BREAKING: Louisiana Senate Republicans Picking Up Another Party-Flipper

This one is Houma Democrat Norby Chabert, who won a special election in 2009 over Republican Brent Callas in District 20. Chabert, who comes from an old political family in Terrebonne Parish – his father Leonard J. Chabert and brother Marty Chabert both held the seat he currently holds, and Chabert pere is the namesake of the Charity Hospital campus in Houma – will reportedly announce a party switch later today.

With Chabert’s switch, there will now be 22 Republicans to 17 Democrats in the Louisiana Senate. When the current Senate took office in 2008 there were 23 Democrats and 16 Republicans. Chabert is the fourth former Democrat in the GOP caucus – following John Alario and John Smith, who switched following the November elections last year, and Jody Amedee, who flipped last week.

Chabert’s voting record in last year’s session, when he was a rookie senator, indicated a centrist orientation. LABI scored him a 55 out of 100, which would rank him 26th out of 39 senators from a pro-business standpoint. The Louisiana Family Forum, meanwhile, ranked Chabert 23rd out of 39 with a 78 percent rating.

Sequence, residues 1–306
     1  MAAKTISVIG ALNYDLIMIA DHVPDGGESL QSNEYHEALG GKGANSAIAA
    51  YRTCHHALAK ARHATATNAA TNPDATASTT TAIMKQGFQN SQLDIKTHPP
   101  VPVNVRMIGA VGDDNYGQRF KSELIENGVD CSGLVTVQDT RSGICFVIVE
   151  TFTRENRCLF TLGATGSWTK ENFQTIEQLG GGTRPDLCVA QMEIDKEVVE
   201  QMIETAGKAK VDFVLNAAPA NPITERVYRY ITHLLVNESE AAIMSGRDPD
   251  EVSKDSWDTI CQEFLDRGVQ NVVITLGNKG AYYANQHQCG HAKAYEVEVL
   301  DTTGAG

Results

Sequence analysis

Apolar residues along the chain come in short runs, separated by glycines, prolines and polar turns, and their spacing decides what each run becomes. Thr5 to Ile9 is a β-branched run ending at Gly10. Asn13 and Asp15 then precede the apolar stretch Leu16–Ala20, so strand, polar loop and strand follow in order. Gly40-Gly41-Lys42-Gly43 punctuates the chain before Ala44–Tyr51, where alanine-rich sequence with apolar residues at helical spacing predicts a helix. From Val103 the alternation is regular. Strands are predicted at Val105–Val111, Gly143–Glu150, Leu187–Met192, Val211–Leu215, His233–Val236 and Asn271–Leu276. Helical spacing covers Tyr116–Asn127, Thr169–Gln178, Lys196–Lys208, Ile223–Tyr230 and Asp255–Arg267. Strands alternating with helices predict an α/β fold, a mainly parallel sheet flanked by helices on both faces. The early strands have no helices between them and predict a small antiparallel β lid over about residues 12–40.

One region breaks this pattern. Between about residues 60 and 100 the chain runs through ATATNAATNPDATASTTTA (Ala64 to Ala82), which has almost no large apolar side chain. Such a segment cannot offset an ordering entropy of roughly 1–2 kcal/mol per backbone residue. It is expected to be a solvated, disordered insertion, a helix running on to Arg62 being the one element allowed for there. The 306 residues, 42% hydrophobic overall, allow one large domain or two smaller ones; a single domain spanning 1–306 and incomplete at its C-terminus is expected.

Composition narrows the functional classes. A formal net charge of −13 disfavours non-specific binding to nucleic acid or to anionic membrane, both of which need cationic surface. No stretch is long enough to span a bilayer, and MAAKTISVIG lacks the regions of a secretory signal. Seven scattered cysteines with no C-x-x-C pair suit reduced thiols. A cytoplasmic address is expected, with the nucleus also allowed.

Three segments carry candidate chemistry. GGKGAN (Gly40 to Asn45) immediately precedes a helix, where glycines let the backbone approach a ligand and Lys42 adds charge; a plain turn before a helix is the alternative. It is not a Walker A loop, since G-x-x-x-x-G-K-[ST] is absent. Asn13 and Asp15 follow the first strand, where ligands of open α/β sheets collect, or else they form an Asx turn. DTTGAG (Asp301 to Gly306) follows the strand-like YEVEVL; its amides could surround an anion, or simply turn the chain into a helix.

Those numbers would indicate that Chabert would be a RINO, relatively speaking. But his record also indicates he may have the beginnings of a libertarian streak. For example, Chabert voted against a ban on smoking in public places (his side lost), and against a bill classifying texting while driving as a primary offense (his side lost that, too). On the other hand, Chabert voted to ban the carrying of guns in places of worship, in favor of a bill requiring the notification of iguana sales, against a bill allowing home-schoolers to participate as “ringers” in high school athletics and for criminalization of participants in cockfighting. Those were all majority positions, so he wasn’t alone.

Chabert is a big coastal restoration advocate, as would be expected for a state senator from Terrebonne Parish. He’s also a higher education defender and a champion for Nicholls State, where he was the director of marketing before running for the Senate.



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